Ann Mooney with Peppers

I had just finished college the year before meeting Annie, spending four wonderfully long years sitting in rooms discussing things and reading like my life depended on it.  I was utterly inexperienced with anything having to do with gardening or self-sufficiency.  Yet despite my graduate condition, Annie took me on as an apprentice and threw me right into the chaos of her 100-acre solo farm adventure.  Not gonna lie, learning to grow plants and “garden” on this scale was extremely stressful.  I was overwhelmed with to-do lists and constantly paranoid of doing things wrong (I was “in charge” of the berry patch and cluelessly brought the black raspberry bushes to their knees).  But to give myself some credit, there was a learning curve.

I knew nothing except city life and studying when I arrived on Annie’s land.   After just one growing season, however, I departed with practical knowledge and an intense commitment to growing plants wherever I landed.  I had also worked my way through about twenty herb conferences.  I had more gardening knowledge than all my friends and family combined, which isn’t saying a lot (but it’s saying something about my background!).

Perhaps it was because Annie was always so busy that I learned mostly by doing, rather than by sitting and reading, or being too nervous to dive in.  Planting my first seeds ever, with no supervision and only the most basic instructions (“don’t forget to label the rows”), seemed insane and destined for failure.  Yet against all odds, those seeds germinated and I was hooked.  A seed’s will to live trumps everything.  My lack of experience was not the end of the world, and my self-doubt was unnecessary.  I was still just a human planting a seed, in the long history of humans planting seeds.  Thank you, Annie, for the opportunity to trust my innate gardener.  Thank you for sharing your trust in Nature.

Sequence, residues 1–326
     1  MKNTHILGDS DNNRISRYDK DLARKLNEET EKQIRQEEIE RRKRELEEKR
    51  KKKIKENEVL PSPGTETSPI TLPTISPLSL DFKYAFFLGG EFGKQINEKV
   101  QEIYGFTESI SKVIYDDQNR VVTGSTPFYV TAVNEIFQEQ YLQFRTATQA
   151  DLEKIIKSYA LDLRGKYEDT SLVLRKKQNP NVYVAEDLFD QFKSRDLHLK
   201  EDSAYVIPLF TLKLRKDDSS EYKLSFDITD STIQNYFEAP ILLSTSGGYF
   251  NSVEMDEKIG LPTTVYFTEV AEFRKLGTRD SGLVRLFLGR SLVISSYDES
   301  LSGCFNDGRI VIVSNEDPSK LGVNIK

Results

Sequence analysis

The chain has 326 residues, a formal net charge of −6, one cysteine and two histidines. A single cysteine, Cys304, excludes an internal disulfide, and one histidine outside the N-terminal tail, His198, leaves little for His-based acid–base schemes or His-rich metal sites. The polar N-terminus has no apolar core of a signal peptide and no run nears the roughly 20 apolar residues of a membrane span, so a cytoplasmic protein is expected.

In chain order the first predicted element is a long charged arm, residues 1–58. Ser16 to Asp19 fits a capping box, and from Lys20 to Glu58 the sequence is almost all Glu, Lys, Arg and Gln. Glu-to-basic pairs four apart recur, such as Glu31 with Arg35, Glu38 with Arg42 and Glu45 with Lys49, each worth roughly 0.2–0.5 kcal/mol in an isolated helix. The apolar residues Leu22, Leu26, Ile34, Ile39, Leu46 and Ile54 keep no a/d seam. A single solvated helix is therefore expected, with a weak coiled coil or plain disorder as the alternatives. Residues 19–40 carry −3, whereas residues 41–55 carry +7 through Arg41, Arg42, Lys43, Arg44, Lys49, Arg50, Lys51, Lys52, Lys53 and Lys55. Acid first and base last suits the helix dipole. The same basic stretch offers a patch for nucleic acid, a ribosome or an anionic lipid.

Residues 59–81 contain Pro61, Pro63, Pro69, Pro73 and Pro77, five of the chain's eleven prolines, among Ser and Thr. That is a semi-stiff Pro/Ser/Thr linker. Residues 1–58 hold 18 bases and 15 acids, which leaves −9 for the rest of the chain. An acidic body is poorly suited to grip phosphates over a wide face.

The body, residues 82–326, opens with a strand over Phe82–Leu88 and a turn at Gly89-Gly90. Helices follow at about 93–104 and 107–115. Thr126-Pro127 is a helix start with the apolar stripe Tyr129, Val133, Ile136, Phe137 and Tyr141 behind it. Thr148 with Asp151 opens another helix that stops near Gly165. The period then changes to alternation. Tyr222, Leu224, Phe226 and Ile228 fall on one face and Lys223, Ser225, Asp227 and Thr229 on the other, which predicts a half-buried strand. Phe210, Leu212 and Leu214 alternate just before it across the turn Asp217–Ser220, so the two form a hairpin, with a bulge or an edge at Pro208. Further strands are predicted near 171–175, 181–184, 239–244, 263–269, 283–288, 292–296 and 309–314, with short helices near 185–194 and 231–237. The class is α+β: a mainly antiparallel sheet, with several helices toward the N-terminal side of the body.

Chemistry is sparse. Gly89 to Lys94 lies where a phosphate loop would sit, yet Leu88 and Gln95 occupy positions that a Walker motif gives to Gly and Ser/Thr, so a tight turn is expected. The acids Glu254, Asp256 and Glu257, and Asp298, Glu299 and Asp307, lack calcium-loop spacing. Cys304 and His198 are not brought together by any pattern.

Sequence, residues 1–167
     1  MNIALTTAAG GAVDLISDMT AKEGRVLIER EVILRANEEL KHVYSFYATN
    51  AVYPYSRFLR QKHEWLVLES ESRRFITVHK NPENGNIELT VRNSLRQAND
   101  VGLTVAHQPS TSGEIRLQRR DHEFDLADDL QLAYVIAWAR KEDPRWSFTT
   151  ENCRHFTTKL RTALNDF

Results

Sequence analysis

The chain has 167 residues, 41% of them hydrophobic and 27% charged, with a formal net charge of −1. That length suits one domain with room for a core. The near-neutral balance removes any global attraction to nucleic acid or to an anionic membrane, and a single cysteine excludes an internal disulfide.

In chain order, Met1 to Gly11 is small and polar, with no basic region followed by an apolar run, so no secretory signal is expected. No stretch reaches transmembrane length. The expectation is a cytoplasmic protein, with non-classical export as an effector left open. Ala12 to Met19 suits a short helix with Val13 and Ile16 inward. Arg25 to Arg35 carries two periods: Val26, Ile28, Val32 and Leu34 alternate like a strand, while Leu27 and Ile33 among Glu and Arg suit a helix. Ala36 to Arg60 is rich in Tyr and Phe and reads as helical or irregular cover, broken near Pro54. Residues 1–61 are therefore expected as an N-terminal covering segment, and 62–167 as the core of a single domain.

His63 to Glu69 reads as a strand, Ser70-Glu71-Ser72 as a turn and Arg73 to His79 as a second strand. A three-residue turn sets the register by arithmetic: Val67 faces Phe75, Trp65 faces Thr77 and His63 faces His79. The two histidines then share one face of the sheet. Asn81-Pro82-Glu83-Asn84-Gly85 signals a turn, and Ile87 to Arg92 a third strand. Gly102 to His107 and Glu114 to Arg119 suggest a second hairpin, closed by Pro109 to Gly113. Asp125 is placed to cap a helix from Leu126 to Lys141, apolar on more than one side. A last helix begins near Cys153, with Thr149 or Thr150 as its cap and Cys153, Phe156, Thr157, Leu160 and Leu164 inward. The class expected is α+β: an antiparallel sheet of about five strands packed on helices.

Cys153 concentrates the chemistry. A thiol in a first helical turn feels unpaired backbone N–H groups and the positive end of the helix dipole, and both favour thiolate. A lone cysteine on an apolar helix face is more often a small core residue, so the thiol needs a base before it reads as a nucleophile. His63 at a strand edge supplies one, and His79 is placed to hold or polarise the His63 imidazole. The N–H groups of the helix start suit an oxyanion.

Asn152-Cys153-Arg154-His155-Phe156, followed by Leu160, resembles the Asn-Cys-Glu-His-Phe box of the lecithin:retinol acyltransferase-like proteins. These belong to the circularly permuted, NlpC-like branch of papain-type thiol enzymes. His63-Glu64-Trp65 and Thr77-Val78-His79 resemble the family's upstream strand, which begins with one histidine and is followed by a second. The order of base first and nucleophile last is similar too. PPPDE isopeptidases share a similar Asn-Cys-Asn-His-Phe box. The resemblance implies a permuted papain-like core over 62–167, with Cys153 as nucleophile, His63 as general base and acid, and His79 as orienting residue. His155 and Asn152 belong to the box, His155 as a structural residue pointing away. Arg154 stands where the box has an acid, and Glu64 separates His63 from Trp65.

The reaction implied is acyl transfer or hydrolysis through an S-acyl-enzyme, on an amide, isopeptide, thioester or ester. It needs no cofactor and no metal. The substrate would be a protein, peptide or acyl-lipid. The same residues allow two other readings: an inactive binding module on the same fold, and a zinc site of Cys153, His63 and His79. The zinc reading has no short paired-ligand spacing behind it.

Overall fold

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Violets for Magpie

Amidst all the growth and sunshine here in springtime, there had to be a balance, I guess.  


Our increasingly headstrong male duck (pictured above) attacked me one night when I tried to get him and his lady into their coop.  I know it sounds pathetic to be attacked by a duck, but he was relentless, for real!  That was it for me…I decided to just let them sleep outside if he was going to be a jerk like that.

The whole set up worked great.  Magpie was laying her eggs outside in a nest she dug under the lilac bush (a great spot that kept the eggs cool and shaded in the heat of the day) and Man-duck abandoned his interest in kicking my ass.  The homestead was once again peaceful.  But then, as all sad stories go, Magpie was nowhere to be found one morning, until I finally discovered her remains in a corner of the yard.  Any predation on the animals you keep is heartwrenching.


But in a sappy sort of way, the wild violets began blooming the same afternoon.   So subtle and cute and understated (just like Magpie), they comforted me in understanding that the earth has these patterns…things die, things come alive, things fade, and new things bloom.


The backyard is now filled with violets blooming (somewhat of a consolation to me, but Man-duck is pretty lonely without a duck friend these days).  I often find him calling out to ducks flying by, and I wonder if he’ll fly off with them or perhaps attract a new young lady.  We’re in the process of finding him a new home, but in the meantime–and entirely on his own volition–he’s been going to bed with the chickens at night.  After the chicks have settled themselves on the roosts, he waddles up the ramp to the coop and tucks himself into the straw under the nest boxes.  What a sweet, agreeable guy all of a sudden.